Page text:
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16th October 2017

Unhappy Manny?

A recent report by the Office of National Statistics has found Manchester to be one of the saddest and most anxious places in the UK — is there anything that can be done?

Brexit, the rainy arrival of winter, inflation of the magic bus to £1.50; it is easy to see how some Mancunians could feel particularly sad this time of year. But are we quite as sad and anxious as the latest personal well-being report from the Office of National Statistics (ONS) suggests?

Since 2011, the ONS has recorded the life satisfaction and happiness of people up and down the UK in order to get a sense of the well-being of the nation. This year’s report ran from April 2016 to March 2017 and found that Manchester was one of the saddest and most anxious places in the UK.

The mean average happiness rating was 0.31 points below the national average, and 0.23 points below the average for the North West. The life satisfaction rating was also below the national and regional average, by 0.23 and 0.14 points respectively.

The only rating on which Manchester scored above average was the level of anxiety felt by residents. Our anxiousness rating was a whopping 0.47 points higher than the national average. It’s fair to say that something isn’t quite right in Manny.

The State of the City Report 2017 was published around the same time. This revealed the council’s take on how the city was doing in relation to its prescribed goals. Environmentally, the report revealed that there has been a 37 per cent reduction in CO2 emissions since 2005 — meaning that Manchester will not reach its target of 41 per cent reduction by 2020 — but no such reduction in nitrogen dioxide pollution.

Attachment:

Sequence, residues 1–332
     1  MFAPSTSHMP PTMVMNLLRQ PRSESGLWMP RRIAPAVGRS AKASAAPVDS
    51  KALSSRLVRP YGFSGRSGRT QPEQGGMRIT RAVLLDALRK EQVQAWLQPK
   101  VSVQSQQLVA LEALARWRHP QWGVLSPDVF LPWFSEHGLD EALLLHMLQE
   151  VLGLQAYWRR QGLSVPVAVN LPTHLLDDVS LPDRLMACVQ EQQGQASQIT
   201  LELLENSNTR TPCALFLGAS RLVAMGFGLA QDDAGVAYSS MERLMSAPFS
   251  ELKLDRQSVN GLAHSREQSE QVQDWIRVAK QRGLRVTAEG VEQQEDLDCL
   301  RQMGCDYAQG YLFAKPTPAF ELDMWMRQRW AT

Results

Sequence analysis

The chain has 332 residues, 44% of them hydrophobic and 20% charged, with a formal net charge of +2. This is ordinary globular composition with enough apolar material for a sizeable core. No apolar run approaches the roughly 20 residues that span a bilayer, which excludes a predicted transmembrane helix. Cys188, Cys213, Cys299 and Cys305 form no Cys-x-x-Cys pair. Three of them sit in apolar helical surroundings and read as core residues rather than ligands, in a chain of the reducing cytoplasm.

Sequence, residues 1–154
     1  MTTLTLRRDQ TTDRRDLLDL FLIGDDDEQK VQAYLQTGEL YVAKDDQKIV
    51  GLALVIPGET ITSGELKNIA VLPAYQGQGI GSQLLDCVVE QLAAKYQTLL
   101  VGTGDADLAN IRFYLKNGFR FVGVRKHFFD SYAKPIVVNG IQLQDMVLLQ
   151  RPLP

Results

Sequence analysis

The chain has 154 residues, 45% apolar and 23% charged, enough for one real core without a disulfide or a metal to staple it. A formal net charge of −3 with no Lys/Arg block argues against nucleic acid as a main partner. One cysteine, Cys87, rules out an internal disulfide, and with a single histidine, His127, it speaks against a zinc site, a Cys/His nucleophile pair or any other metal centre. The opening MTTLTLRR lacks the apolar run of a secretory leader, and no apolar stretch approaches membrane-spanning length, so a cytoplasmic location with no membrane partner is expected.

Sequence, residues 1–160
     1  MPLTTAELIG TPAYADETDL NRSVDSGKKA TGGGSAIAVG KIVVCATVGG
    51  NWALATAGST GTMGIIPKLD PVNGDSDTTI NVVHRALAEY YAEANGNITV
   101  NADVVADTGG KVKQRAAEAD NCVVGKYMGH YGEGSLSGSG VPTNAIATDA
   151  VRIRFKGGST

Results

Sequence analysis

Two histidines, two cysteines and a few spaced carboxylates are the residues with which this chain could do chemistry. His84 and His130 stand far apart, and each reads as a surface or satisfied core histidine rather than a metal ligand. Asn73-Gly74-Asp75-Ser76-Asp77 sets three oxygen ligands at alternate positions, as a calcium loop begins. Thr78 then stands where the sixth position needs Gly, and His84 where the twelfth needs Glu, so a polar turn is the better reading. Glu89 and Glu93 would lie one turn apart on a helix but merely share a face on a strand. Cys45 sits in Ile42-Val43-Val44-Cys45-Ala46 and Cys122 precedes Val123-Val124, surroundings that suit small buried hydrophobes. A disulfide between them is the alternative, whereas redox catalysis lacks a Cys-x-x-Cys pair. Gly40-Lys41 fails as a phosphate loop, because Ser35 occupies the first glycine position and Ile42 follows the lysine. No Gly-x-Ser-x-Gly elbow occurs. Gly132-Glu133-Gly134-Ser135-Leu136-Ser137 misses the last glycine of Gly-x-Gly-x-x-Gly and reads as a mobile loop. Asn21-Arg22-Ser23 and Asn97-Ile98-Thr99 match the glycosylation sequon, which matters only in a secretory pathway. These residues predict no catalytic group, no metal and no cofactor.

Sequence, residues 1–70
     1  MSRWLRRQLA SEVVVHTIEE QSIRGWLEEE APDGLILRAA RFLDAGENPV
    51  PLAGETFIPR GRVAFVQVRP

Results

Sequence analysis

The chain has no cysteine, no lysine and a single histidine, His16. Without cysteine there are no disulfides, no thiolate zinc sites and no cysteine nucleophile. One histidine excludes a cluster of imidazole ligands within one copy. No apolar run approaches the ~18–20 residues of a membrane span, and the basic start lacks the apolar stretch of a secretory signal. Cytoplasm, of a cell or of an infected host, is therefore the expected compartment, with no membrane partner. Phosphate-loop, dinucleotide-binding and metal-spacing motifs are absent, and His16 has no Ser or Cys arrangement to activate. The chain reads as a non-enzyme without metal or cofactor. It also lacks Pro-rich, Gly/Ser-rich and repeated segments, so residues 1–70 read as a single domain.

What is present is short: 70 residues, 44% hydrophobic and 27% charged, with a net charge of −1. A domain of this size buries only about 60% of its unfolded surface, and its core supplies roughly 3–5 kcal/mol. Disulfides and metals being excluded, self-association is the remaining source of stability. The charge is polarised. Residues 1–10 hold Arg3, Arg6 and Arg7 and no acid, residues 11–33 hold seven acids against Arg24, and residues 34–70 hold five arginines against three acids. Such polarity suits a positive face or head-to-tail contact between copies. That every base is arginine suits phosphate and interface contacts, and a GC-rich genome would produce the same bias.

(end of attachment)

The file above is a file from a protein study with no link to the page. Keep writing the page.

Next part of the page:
Manchester saw a 9 per cent increase in the number of homes built in 2016/17 compared to 2015/16, although homelessness remains a major issue, with Manchester having a rate almost double the national average.

The student population has returned to its pre-fee rise peak in 2012, contributing — potentially in equal amounts — to the council reaching its goal of Manchester becoming the ‘UK’s youth capital,’ and to Manchester experiencing a higher rate of alcohol-related hospital admissions than the rest of England — 220 more per 100,000, to be precise.

There has, however, reassuringly, been a 10 per cent increase in visits to the wonderful cultural and recreational facilities this city has to offer (yes, there is more to Manny than Oxford Road and NQ).

Whilst emotionally Mancunians may be lagging behind the rest of the country, the report revealed that economically they are not. Employment continues to rise, and Gross Value Added (GVA: an indicator of economic performance) increased by 5.4 per cent from 2014 to 2015.

Similarly, the latest data from the Greater Manchester Chamber of Commerce Quarterly Economic Survey (QES) showed a more cautiously positive image of economic growth. While the UK’s average growth in 2017 was forecast at 1.6 per cent, Manchester is leading the way with 3.25 per cent forecast growth — but this is still below expectations. Expectations for 2018 economic growth had to be downgraded from 1.5 per cent to 1.2 per cent.

Overall, the three reports paint a fairly mixed picture. It is clear that Manchester needs to drink less and look out for each other’s well-being a bit more. We can only hope that over the years Manchester will climb up the ratings and become not only the Northern powerhouse, but the Northern happy-house too.

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